No Oscar for Ted Levine as Buffalo Bill, but goddamn we’d be remiss not to mention his deeply dedicated performance. The scenes in his labyrinthine house in particular, cross-dressing, tucking his junk, smearing lipstick, gyrating and muttering lewdly to himself in a mirror to Q. Lazarus – it’s all exacted too specifically that it cannot be disbelieved. It’s too real. Too lived-in. Too authentic. By the time Clarice comes knocking at his door, totally unsuspecting of who and what he is, we the audience already know how odiously dangerous he’s proven to be. This creates a wonderfully taut sequence of suspense, where we know what Clarice does not. When she does finally put the pieces together, the scene ratchets up to another level of abject tension, as Bill knocks outs the lights, rocks night-vision goggles. Clarice is not only blind to see, she has no clue of the house’s interior layout, as Bill does. Yet because of her training, because of her strength, she foils the f*cker anyway!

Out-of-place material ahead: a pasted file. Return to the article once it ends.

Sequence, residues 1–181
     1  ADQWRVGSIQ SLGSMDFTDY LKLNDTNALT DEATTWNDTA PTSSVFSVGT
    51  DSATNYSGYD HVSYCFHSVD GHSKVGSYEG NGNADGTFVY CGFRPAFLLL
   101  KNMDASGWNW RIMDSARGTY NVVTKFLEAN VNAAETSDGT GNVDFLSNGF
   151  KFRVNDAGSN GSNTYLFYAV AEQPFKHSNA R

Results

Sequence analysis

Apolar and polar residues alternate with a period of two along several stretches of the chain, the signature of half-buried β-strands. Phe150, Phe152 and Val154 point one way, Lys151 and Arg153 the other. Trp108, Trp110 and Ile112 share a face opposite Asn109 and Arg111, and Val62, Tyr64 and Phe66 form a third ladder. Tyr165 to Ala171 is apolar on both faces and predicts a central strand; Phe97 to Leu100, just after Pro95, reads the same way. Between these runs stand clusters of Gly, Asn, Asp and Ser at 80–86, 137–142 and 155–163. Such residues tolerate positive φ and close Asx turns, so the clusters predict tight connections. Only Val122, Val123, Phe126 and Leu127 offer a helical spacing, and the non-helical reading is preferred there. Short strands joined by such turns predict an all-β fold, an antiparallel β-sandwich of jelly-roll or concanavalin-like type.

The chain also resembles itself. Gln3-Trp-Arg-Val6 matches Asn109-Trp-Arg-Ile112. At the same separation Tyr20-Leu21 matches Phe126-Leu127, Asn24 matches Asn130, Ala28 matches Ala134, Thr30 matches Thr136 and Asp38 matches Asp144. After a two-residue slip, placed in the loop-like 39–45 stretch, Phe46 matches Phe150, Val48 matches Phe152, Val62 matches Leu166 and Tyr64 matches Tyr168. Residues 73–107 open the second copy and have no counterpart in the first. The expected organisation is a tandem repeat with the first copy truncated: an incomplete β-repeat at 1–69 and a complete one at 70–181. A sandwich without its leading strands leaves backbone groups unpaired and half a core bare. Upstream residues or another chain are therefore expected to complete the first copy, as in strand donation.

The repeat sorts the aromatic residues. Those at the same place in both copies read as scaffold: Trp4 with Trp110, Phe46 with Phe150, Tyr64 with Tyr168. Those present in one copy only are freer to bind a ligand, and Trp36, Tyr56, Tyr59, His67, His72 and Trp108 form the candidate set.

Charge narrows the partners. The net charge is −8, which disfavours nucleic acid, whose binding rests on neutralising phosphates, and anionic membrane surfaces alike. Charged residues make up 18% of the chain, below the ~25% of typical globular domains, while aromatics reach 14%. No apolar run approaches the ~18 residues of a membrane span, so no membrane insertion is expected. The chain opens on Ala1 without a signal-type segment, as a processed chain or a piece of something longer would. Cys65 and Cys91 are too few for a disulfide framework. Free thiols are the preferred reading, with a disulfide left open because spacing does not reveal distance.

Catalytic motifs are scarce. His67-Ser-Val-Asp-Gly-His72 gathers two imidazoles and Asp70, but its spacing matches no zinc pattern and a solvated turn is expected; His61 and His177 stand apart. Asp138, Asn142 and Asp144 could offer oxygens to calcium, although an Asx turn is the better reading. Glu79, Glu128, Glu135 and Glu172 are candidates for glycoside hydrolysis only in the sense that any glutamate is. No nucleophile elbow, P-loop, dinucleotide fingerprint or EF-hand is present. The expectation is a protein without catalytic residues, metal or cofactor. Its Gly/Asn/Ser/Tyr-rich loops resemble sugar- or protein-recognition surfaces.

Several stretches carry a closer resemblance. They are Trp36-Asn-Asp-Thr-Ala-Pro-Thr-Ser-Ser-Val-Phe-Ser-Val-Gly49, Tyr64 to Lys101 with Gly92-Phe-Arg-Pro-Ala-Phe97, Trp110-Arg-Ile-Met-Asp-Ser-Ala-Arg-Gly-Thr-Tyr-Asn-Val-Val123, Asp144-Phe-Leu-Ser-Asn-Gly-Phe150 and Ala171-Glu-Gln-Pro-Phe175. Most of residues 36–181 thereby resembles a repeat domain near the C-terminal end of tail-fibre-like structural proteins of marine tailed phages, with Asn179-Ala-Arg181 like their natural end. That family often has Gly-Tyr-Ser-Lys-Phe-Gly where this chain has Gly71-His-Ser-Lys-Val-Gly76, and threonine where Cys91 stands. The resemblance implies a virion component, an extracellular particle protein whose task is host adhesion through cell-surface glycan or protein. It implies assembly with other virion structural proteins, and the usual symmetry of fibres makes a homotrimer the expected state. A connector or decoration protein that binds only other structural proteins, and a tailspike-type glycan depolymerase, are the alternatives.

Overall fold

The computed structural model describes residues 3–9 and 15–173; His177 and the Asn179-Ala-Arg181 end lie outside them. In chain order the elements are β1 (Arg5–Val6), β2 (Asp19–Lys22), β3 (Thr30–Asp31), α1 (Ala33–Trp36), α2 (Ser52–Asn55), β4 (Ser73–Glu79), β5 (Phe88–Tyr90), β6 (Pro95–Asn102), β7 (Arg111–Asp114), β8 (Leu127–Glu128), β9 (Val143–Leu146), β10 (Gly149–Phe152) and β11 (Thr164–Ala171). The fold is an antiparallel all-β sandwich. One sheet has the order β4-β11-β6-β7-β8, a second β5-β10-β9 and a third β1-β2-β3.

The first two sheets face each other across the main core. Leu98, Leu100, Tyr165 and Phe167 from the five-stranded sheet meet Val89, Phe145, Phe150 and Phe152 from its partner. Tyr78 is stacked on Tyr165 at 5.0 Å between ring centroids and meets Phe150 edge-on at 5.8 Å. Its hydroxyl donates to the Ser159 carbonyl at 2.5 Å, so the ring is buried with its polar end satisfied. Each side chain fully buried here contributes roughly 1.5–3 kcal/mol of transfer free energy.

WHAT BLOWS NOW: Absolutely nothing! The only possible negative one can muster is how ludicrous it seems to give Hopkins a Lead Acting Oscar when he’s clearly a supporting player in the film. Other than that, perfecto!